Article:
Renting Stage 4 - After You've Signed the Lease
This Expert Adulting Module Will:
Help you remember often-missed items so they don't come back to bite you
Offer ideas to help keep you physically & financially safe & happy in your new rental
Most Important Things to Understand
It’s important for you to carry out your responsibilities as described in the lease agreement – both for your happiness while living there and to get any refundable deposit returned.
It's also important to take steps to protect yourself - both physically & financially - as you start your life in your new rental.
After you sign the rental agreement, but before you move in, is the time to get your accounts set up for electric, gas, water, trash, internet, rental insurance, etc.
Questions For You to Answer
(see info below for how)
Do I know what my lease says and am I doing my part?
Have I made my new place as safe as possible?
Have I transferred / started all the services I need?
Jump to a Specific Step
Before Your Move-In Day
1 - Check Out the EA "Moving" Web Page
2 - Set Up Your Utility Services
Once You Move In
1 - Safety Check!
Renting Module Format
To help you find, qualify for, and enjoy your new rented apartment or house, I’ve mapped out all the steps involved and then broken them into 4 Renting Stages to make them easier for you to understand & work on:
Stage 1 - BEFORE You Start to Look – PLEASE DO NOT SKIP THIS STAGE
Stage 2 - Finding the Rental You Want
Stage 3 - Understanding the Lease / Rental Agreement
Stage 4 - After You've Signed the Lease (this page)
BEFORE Your Move-in Day
You can make your move and move-in day go much smoother by doing these things before that big day!
STEP 1: Check out: Moving Out of a Rental
I know, I know. It says “moving OUT” but all the information on how to make the process of moving easier applies to moving IN also.
STEP 2: Set Up Your Utility Services
Once you know your move-in date, it’s time to set up, or transfer, accounts for any utilities that you are not paying for through your rent. Utilities may include electricity, water / sewage, gas, trash / recycling, internet, etc.
The landlord / property manager should know what electric, gas, trash & water companies serve your new rental from working with previous tenants &/or being familiar with the area. If they don’t know, check out the Public Utilities Commission (PUCo) website for your state. To find potential internet providers, search “internet providers for NEW ADDRESS.”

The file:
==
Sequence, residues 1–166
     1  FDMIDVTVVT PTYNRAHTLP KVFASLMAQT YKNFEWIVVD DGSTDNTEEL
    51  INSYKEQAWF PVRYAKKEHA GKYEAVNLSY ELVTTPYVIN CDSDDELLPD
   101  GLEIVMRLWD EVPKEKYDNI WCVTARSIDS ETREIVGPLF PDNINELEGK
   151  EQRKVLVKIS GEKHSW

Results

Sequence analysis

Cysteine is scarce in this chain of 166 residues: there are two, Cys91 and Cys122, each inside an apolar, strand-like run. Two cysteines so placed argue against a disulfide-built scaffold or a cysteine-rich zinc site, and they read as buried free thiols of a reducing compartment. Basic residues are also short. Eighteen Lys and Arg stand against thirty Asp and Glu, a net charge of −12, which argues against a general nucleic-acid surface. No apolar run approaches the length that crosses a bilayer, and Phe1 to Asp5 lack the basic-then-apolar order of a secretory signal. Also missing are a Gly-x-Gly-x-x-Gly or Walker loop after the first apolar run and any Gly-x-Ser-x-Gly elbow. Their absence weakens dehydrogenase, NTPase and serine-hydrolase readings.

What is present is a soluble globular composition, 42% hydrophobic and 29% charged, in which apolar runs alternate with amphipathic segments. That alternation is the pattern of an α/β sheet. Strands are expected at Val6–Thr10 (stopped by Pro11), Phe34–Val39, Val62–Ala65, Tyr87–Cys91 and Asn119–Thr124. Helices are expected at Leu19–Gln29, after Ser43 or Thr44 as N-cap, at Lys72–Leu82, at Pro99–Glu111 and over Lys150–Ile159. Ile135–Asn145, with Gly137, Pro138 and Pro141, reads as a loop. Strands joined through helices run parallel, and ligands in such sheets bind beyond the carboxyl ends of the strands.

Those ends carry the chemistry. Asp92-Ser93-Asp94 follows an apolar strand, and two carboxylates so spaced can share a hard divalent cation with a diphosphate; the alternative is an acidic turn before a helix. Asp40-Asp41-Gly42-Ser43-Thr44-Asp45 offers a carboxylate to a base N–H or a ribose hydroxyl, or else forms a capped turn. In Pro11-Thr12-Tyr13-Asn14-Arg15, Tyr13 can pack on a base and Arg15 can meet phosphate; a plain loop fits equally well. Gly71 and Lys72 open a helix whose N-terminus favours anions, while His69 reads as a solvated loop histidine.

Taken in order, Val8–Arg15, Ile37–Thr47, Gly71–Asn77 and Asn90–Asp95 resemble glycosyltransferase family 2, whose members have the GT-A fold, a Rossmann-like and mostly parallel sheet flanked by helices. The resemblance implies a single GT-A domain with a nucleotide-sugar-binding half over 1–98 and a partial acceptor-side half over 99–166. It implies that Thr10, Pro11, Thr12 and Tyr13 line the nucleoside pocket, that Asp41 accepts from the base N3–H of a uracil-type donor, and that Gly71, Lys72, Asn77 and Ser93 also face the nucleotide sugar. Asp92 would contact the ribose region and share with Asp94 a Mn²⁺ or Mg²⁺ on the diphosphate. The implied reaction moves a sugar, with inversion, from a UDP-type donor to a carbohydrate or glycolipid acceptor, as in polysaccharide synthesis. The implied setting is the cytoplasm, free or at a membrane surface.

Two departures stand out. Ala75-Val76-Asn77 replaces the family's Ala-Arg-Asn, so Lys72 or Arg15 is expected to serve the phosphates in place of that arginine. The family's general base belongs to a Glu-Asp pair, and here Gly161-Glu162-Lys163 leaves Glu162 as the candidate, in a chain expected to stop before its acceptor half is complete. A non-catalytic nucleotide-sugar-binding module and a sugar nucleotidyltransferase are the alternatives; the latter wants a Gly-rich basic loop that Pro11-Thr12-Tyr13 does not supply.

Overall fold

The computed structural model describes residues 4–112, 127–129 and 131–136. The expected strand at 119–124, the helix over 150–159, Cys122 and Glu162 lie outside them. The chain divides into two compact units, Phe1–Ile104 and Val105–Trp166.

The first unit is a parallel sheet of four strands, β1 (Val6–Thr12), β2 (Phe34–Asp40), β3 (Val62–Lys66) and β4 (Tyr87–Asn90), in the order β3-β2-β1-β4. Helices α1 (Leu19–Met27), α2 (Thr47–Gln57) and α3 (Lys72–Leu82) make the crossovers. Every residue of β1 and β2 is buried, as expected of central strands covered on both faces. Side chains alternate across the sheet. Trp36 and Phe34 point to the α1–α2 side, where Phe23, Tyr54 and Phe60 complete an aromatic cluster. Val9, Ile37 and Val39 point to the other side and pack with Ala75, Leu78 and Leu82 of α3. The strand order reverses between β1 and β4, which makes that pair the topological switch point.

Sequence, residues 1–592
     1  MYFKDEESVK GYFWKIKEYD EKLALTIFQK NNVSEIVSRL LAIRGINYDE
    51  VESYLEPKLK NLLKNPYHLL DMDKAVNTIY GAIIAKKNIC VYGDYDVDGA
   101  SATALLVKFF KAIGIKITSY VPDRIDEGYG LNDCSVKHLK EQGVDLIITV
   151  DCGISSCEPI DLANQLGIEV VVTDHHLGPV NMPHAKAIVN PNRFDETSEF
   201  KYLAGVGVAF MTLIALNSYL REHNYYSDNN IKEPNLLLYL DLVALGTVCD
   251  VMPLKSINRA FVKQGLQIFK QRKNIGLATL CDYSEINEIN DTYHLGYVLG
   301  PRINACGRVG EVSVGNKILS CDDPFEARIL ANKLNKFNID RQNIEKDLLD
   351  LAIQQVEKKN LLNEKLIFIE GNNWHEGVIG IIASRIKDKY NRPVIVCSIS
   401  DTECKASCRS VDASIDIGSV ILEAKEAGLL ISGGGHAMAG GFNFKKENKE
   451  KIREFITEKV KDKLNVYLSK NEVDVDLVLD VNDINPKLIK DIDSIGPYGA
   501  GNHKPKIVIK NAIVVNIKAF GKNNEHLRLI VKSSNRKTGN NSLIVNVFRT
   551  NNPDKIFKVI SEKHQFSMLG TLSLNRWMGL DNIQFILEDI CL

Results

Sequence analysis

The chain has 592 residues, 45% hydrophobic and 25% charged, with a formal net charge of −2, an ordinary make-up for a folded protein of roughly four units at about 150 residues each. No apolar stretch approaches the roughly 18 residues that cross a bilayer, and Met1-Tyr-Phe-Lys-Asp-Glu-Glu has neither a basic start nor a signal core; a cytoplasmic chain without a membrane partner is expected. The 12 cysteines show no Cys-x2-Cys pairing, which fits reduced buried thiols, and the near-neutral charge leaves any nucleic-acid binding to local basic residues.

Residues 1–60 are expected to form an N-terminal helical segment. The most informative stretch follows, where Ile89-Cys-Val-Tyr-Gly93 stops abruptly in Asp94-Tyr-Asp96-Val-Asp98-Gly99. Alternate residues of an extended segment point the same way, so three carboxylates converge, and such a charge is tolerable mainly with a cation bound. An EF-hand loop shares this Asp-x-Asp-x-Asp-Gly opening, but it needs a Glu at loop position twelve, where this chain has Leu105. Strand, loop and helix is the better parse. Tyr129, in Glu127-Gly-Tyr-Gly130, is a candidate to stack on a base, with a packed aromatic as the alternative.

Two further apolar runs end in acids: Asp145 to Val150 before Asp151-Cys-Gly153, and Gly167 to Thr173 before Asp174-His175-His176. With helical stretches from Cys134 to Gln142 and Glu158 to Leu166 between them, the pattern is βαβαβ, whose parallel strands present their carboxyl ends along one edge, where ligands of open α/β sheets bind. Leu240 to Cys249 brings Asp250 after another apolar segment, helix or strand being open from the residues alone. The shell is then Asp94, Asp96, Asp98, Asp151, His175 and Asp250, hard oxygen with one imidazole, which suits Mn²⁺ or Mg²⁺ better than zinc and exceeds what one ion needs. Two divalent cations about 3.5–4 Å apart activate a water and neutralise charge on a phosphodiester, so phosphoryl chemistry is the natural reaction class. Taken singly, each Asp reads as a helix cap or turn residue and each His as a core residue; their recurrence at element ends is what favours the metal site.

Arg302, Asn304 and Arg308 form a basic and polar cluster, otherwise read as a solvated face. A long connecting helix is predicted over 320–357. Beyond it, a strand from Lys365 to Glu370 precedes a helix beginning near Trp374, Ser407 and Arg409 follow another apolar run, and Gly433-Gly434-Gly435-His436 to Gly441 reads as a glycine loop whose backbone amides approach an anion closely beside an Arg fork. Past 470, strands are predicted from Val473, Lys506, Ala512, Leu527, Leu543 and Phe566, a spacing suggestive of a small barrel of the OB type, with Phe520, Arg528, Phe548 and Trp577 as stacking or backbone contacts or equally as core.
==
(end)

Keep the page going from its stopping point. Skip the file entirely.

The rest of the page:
Call each utility. Tell them that you will be moving into NEW ADDRESS on MOVE-IN DATE and you’d like to get your account set up so it starts on that date. This way you can do any paperwork and pay any deposits beforehand so everything is working when you move in. You won’t be charged for any usage prior to your move-in date.
STEP 3: Purchase (or transfer) Rental Insurance (& any other insurance required by the lease)
If the place burns, is struck by a tornado, floods (broken pipes happen all the time), etc. you will not get any money to replace YOUR stuff unless you have your own rental insurance policy. Like the utility services, just let them know what date you want the policy to start or be transferred.
ONCE You Move In
You've made it! You've moved into your new rental! Congratulations! Most of the work is behind you now but there are still a few more items to wrap up this process with a neat little bow.
STEP 1: SAFETY CHECK! (BEFORE you sleep there the 1st time please)
Better to be safe than sorry. Recommendations:
Check to make sure you have smoke detectors that work.
Check to make sure you have carbon monoxide detectors and that they work.
If the door locks were not replaced or re-keyed, make sure you have a way to physically prevent someone with a key from coming in (a security bar under the door knob, a rubber door stop turned backwards, a door chain, etc.)
Make sure any patio doors and the ground-floor windows (at least) can be securely locked.
Learn where the main electric, gas, and water turnoffs are and how to use them.
STEP 2: Thoroughly Inspect the Place
To make sure you are not held responsible for anything that was already broken or damaged when you moved in, it’s time to do a thorough inspection and document what you find.
Check out every corner, cupboard, lock, faucet, door, stove burner, etc. and MAKE A LIST of anything you find that is damaged or broken.